With negation of the old school of medicine this innovative approach has made Hahnemann reject flatly previous descriptions of remedies. The first paragraph of Organon (Hahnemann 1989) says that a medicine cannot be theoretical or abstract. That is why the only acceptable method of the obtaining of new reliable data was experiment or proving, when drugs were given to a healthy human organism in order to collect and describe experimentally produced symptoms (Vithoulkas 1985). In the expression “like cures like” we meet word “like” twice and if the first essential part is an honest, practical and full as possible description of disease, then the second part is description of remedy's proving result gathered together in Materia Medica.

This aspect was of fundamental importance for the next development of a new-born science. Nothing before has produced a knowledge that could be compared with these highly varied ties, presented by nature through the use of simple experiments (proving). Personally, I believe that for this reason homeopathy have become a true holistic medicine.

In contrast, mainstream medicine (which is commonly allopathic) divides a human being into the physical and the psychological parts – the body and the mind. What's more, the body is broken into pieces called 'systems of organs', so a patient has to seek help from a few specialists, highly educated and professional in the highly narrow area. This approach to diagnostics does not allow to detect the key reason of illness and presents a human as the set of various diseases or, conversely, as its absence with the lack of life energy. Obviously, after such a diagnostics allopathy treats each symptom taken separately according the principle of cure with opposite action: blocks discharge, reduces body temperature. Thus an organism is disabled to solve its problems excreting out disturbing elements and self-regulating . This process was called 'a suppression'.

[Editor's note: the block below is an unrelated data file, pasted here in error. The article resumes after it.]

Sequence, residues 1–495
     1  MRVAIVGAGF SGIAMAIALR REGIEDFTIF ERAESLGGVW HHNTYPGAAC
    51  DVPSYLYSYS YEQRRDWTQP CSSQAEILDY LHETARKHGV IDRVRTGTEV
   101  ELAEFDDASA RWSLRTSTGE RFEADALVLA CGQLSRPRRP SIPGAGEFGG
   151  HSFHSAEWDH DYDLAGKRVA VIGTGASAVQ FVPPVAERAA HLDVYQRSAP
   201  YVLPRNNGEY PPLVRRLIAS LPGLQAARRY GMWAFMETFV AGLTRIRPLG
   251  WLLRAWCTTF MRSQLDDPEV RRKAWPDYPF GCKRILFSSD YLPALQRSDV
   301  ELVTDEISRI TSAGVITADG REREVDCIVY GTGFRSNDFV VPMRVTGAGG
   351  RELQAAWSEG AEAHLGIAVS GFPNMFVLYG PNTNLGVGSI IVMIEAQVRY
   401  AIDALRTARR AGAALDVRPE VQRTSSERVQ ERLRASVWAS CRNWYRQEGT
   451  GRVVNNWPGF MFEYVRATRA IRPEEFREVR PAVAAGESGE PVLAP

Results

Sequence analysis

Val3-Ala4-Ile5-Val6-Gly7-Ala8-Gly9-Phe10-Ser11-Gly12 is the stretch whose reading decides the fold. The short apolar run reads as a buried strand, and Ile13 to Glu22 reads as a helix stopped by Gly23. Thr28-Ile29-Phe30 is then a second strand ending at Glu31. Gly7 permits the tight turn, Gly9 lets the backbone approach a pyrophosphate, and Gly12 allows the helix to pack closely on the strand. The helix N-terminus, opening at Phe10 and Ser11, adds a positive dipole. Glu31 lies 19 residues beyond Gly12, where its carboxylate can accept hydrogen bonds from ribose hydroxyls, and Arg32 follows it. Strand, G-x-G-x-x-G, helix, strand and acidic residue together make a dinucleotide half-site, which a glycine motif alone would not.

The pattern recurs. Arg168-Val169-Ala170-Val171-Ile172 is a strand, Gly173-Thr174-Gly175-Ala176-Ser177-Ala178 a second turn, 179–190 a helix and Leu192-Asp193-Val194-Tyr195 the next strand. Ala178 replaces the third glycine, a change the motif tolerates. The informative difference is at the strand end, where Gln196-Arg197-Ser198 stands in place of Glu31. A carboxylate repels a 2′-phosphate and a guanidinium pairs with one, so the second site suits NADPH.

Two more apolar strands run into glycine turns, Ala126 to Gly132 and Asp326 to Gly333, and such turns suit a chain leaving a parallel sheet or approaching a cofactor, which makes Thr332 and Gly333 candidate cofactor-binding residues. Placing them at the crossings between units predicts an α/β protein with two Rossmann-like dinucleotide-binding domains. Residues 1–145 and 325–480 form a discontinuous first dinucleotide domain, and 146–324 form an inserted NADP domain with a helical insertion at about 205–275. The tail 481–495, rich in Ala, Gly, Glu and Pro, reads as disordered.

Although Hahnemann (1989) explained an action of “the natural law of homeopathy” in a several paragraphs -26, 30-33, its real action and mechanism of cure is a great mystery for me. The most similar phenomenon from my own experience is a psychological NLP technique, when after joining, imitation of a partner's breathing, pose, movements you are able to change his condition and behavior though the changing of your breathing, pose and movements. I really hope, that I understood Hahnemann in this point.